Joel: Cammio, a video recruitment platform has undergone a management buyout from StepStone Group, which acquired the company back in 2020. The buyout means that Cammio will operate independently under the leadership of co-CEOs, Sandhna Chintoe and Dimitri Knysch. Customers of both companies can continue to use their platform as before. So my take this rarely happens, especially when it's not with the original founders who wanna buyout the company. Although the two who want to buy it and did buy it are longtime employees of the company.
Joel: During the pandemic, a lot of companies launched video or acquired video recruiting companies. Even if it wasn't an ideal fit for the business, it was a bet on the pandemic and the remote work phenomenon. I think that's what StepStone did here. They rolled the dice three years ago and with employment looking to slow down in 2023, they had to look in the mirror and realize video maybe isn't a real great fit for their business. Pawning it off to two employees was pretty convenient as opposed to selling it to another company. And here we are, StepStone gets to cut some fat and two loyal employees get to take the wheel. Good luck to them. I say they're going to need it. It's a crowded field of video solutions that they now get to take on.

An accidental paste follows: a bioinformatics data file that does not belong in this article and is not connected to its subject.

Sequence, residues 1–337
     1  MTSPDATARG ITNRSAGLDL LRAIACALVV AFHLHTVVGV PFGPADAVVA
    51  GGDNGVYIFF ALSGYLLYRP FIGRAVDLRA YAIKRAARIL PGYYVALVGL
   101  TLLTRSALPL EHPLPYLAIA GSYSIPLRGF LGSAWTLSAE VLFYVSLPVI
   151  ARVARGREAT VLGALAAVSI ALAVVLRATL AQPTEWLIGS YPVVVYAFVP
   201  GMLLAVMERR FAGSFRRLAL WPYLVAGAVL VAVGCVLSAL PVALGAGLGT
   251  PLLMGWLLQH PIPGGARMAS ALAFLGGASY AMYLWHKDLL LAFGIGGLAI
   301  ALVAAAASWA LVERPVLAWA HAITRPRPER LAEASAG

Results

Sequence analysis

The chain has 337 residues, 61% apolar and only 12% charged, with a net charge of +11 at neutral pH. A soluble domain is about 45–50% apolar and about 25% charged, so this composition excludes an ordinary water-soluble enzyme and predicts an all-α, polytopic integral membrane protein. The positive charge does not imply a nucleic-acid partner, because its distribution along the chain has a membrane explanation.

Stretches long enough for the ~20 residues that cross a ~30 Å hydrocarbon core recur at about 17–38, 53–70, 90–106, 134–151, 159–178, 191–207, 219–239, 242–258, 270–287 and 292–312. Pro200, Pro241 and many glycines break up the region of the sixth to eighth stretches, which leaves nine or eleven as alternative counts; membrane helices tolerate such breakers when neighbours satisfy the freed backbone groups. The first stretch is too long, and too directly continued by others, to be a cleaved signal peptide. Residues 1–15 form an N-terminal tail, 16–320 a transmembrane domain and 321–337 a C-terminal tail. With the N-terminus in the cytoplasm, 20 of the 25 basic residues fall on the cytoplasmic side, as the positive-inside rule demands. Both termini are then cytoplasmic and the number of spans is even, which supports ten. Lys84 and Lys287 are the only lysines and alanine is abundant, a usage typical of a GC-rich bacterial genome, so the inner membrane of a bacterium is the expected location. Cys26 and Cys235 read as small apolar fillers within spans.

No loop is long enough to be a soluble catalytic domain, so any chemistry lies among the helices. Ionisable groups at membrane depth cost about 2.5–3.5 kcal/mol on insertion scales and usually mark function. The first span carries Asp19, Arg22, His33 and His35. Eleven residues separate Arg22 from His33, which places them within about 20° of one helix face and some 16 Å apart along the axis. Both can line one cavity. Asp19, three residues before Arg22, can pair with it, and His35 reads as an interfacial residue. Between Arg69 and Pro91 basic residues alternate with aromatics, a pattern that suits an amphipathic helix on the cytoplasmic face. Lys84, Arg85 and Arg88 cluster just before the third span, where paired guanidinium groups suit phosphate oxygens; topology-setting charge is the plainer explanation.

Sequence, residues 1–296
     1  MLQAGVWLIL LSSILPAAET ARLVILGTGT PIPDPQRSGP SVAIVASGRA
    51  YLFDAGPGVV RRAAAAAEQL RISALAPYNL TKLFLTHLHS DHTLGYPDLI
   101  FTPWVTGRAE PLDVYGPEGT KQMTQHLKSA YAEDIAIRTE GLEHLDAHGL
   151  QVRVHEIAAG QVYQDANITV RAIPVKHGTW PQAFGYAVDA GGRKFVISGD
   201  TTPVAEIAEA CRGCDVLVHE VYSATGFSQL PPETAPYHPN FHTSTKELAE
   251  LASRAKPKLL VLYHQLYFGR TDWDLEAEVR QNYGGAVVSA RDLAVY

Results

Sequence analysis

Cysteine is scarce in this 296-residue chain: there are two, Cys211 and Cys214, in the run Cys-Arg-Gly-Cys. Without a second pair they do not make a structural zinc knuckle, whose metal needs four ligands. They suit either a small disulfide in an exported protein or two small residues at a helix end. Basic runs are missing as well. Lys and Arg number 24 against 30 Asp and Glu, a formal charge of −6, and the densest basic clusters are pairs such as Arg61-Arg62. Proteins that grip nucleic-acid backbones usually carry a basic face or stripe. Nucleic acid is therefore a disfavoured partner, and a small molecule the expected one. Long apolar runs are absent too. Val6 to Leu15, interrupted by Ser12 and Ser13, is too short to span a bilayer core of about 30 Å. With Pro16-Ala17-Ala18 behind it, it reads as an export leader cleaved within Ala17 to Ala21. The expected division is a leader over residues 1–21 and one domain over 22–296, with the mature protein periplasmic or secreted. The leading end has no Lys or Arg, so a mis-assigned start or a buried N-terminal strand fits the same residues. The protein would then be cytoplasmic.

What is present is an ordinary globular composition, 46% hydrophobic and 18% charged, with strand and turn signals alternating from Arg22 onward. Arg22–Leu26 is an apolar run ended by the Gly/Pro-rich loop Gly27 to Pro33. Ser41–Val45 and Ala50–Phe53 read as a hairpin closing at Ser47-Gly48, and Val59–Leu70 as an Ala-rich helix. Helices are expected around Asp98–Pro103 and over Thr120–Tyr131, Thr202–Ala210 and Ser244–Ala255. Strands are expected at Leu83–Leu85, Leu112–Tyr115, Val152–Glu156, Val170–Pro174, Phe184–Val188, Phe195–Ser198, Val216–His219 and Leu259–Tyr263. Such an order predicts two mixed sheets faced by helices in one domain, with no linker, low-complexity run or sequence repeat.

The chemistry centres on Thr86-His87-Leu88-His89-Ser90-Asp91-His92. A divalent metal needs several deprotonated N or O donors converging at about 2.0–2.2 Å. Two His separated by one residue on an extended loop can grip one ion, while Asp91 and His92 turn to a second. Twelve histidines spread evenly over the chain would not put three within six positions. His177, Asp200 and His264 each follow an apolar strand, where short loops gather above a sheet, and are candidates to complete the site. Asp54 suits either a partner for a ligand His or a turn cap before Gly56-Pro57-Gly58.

Chad: Wow. Okay, Lieven. So you have some insights. I don't know if you call this a very smart business proposal or if this was just a... Was a debacle that went wrong.